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A good rule of thumb is, one heat range colder for every 75–100hp added.

Colder is better especially with high compression, but if you use too cold of a plug it equates to less power as well (incomplete fuel burn) So running too cold, in general usually leads to plug fouling and not much else.

From NGK:
The spark plug design determines its ability to remove heat from the combustion chamber. The primary method used to do this is by altering the internal length of the core nose. In addition, the alloy compositions in the electrodes can be changed. This means you may not be able to visually tell a difference between heat ranges.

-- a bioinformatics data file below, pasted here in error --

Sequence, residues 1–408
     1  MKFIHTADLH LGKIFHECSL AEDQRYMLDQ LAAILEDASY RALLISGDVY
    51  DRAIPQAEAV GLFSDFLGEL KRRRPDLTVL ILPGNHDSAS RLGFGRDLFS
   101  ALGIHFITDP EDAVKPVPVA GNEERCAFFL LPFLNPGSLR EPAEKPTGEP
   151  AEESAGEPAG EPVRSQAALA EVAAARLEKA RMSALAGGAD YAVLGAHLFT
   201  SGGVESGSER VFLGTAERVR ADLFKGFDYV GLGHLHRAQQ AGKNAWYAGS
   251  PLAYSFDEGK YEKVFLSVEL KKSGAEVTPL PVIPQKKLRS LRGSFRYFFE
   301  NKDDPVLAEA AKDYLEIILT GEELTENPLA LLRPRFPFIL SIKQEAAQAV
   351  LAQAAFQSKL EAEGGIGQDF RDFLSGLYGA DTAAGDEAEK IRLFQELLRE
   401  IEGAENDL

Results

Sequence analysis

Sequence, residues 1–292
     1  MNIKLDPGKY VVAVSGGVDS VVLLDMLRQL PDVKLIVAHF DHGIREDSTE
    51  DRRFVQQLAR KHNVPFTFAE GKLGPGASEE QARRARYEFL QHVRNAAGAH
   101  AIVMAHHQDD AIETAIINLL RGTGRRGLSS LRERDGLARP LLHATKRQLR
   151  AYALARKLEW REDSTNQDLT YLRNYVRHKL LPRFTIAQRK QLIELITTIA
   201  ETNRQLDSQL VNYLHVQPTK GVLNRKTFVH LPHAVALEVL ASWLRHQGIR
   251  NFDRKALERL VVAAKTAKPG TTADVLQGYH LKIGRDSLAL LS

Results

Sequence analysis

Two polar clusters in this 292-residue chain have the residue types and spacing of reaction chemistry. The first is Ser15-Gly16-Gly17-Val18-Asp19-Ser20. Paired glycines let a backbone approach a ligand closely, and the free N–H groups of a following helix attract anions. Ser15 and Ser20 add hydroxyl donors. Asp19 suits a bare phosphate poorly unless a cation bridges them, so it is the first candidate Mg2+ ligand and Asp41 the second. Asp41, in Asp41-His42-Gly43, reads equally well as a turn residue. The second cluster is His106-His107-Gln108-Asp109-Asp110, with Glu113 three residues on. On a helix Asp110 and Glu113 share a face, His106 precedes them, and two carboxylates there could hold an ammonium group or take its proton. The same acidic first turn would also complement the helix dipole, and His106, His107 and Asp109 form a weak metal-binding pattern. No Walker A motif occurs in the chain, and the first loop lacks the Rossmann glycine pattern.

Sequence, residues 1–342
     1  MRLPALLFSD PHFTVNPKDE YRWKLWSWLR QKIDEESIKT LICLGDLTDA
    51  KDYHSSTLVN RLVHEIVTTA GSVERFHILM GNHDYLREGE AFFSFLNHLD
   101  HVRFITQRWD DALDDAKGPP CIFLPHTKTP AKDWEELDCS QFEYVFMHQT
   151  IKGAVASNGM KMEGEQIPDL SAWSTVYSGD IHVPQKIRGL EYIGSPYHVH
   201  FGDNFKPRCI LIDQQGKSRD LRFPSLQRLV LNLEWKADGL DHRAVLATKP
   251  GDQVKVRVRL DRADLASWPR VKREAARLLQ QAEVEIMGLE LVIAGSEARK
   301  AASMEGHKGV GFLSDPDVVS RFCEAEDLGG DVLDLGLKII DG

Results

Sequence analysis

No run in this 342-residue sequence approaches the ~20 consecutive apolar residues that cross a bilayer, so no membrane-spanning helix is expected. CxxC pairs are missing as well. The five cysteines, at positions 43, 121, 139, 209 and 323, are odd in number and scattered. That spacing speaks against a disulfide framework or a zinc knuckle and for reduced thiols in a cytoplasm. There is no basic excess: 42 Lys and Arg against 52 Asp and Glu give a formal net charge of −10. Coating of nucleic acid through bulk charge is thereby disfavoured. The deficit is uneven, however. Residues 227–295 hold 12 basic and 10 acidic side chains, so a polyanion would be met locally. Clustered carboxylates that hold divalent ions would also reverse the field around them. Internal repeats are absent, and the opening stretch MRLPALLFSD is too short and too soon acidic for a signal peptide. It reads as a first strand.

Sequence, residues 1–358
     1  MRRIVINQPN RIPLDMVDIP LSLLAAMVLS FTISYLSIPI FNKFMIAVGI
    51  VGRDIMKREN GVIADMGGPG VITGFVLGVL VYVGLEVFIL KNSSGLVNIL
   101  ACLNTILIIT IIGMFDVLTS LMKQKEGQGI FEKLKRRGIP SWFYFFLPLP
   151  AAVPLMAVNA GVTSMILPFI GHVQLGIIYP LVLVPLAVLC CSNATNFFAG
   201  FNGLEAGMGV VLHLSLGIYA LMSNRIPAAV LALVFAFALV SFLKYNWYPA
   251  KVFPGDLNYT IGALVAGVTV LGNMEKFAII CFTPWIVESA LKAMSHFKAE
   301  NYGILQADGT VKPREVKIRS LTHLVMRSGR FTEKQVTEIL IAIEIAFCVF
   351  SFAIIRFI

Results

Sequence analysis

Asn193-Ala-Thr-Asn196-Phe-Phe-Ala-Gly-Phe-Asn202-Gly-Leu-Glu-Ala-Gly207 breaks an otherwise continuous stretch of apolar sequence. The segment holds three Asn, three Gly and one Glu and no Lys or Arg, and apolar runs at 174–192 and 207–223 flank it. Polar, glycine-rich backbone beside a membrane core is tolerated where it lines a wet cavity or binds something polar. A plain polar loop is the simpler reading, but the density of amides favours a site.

*When a spark plug is referred to as a “cold plug”, it is one that transfers heat rapidly from the firing tip into the engine head, keeping the firing tip cooler.

*A “hot plug” has a much slower rate of heat transfer, which keeps the firing tip hotter.
 
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